During the annual Alzheimer’s Association International Conference (AAIC), which was held from July 26-30, researchers presented findings at the forefront of the field. Several Brain Health Registry researchers had opportunities to showcase their work!
Dr. Weiner Wins a Lifetime Achievement Award
Dr. Michael Weiner, the Principal Investigator of the Brain Health Registry, was presented with the Henry Wisniewski Lifetime Achievement Award from the Alzheimer’s Association. The award recognizes significant contributions to the Alzheimer’s disease field, either through a single discovery or through a body of work.
Read more about this honor here.
Brain Health Registry Research at AAIC
Brain Health Registry (BHR) researchers presented their work on diversity in Alzheimer’s disease research, including an exciting new initiative to increase research participation of Latino older adults, on the usefulness of participant’s own assessments of their memory and thinking in BHR, and on the importance of incorporating the perspectives of caregivers and family members into Alzheimer’s disease research. Other important topics discussed at the conference include:
Biomarkers for Alzheimer’s
In Alzheimer’s disease, subtle changes in the brain can happen before noticeable shifts in thinking and memory. Biomarkers — or measurable evidence of a disease in the body — can help clinicians identify and treat Alzheimer’s symptoms early on.
At AAIC, researchers discussed the numerous biomarkers for Alzheimer’s, which include proteins called amyloid-beta and tau. During Alzheimer’s and some other brain diseases, these proteins can harm brain cells, resulting in cognitive issues. Increased levels of these proteins in a person’s blood or cerebrospinal fluid can be early signs of disease. Researchers at AAIC also presented evidence of biomarkers beyond amyloid and tau, including those that indicate changes in vascular proteins, which regulate blood flow to the brain.
Social determinants of health
Social determinants of health, such as access to health care and education, and resources available in one’s neighborhood of residence can impact a person’s disease risk and health outcomes. For example, research has tied air pollution to increased dementia risk. These determinants highlight the interconnectedness of lifestyle, environment, and disease, and demonstrate the need for equity in Alzheimer’s and dementia research and care.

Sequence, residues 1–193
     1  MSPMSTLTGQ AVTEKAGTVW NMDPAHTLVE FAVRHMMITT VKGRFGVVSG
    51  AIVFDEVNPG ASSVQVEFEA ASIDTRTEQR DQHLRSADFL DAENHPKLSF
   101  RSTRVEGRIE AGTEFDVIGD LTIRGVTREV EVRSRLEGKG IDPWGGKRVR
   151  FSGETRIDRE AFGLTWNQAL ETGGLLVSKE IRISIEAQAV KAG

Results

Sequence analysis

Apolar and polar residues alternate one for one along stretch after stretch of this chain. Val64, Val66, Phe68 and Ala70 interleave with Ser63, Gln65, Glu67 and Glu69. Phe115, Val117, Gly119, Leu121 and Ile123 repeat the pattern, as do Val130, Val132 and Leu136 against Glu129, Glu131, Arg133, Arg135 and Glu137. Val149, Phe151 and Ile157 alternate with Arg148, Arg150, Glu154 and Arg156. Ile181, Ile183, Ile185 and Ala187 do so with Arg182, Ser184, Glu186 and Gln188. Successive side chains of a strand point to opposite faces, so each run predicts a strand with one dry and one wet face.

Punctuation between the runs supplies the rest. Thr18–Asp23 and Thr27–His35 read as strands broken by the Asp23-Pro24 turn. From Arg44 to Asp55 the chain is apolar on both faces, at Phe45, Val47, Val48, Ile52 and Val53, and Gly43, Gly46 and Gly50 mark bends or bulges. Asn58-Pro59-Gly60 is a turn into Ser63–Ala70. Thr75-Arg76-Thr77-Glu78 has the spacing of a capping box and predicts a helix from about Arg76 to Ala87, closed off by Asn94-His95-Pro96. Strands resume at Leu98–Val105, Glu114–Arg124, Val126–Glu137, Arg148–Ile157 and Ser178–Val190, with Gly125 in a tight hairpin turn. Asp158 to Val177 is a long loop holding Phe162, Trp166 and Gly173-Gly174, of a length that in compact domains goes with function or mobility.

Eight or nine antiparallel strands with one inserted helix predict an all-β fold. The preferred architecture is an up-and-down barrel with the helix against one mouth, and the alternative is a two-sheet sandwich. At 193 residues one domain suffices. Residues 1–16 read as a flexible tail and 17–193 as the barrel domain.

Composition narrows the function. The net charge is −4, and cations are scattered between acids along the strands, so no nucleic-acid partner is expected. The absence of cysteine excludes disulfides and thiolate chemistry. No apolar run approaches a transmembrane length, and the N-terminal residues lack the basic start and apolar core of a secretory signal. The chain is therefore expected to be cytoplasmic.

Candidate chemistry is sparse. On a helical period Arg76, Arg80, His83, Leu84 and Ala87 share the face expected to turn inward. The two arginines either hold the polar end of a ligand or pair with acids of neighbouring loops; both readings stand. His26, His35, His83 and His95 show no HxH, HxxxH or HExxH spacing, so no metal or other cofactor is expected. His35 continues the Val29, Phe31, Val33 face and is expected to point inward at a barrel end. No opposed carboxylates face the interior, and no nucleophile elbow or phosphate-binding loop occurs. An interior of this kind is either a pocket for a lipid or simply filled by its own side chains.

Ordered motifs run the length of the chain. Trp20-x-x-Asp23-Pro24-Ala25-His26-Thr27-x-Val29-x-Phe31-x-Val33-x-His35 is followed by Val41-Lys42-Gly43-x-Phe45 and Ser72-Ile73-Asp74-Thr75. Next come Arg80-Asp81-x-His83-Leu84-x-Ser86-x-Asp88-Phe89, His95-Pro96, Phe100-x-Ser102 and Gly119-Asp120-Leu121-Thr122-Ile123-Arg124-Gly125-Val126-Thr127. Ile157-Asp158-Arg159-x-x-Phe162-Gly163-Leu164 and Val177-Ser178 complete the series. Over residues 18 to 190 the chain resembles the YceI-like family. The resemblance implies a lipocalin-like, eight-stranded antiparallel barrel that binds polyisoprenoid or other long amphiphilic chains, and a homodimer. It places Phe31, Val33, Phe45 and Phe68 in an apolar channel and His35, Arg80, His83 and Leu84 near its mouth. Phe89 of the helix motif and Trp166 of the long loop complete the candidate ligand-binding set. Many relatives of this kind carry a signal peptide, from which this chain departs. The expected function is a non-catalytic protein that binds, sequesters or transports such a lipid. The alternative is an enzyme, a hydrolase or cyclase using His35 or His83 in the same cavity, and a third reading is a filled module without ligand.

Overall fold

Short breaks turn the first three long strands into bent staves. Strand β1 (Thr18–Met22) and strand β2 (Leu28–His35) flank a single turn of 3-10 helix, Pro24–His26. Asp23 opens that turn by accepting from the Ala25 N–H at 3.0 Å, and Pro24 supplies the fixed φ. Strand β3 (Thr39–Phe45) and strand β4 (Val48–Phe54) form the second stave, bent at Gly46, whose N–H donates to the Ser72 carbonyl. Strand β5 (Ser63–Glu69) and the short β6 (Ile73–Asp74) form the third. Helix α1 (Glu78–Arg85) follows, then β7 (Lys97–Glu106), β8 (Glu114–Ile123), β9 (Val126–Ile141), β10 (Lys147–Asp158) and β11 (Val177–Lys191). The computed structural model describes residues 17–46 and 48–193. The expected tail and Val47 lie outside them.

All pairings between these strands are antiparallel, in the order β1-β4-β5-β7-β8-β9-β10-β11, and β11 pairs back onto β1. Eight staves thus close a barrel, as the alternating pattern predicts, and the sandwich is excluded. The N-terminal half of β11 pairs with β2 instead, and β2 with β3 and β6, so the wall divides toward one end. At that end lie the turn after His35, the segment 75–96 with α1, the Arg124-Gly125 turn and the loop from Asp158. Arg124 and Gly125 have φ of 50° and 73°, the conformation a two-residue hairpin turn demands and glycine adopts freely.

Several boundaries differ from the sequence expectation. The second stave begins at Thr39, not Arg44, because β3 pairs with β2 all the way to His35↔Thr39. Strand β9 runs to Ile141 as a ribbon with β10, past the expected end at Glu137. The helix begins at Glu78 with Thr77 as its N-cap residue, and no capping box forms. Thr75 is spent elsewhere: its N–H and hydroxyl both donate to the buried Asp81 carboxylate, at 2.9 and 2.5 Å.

Numerous presentations focused on the impact of the Covid-19 pandemic on individuals with dementia and their loved ones. For example, social isolation and loneliness during lockdowns has been linked to heightened risk of cognitive decline. Researchers are also examining the virus’s mystifying neurological effects, such as brain fog, and whether Covid-19 can accelerate symptoms of Alzheimer’s.
Researchers discussed the FDA’s controversial, June 2021 decision to approve aducanumab for the treatment of Alzheimer’s disease, and how the decision will impact future drug development.
Some researchers have expressed hope that aducanumab’s approval will lead to more innovation and research into drug therapies. Others worry that, due to a lack of evidence for aducanumab’s efficacy, the FDA’s decision could set a bad precedent. Because of this uncertainty, and because the drug costs $56,000 per year, many clinicians are still trying to figure out how and when to prescribe the drug to patients.
For more on aducanumab, please see our June 2021 newsletter.
The Brain Health Registry team was excited to learn about and share research at AAIC. None of our research would be possible without the continuing support and dedication of all our participants! We are extremely grateful for your ongoing involvement in our study.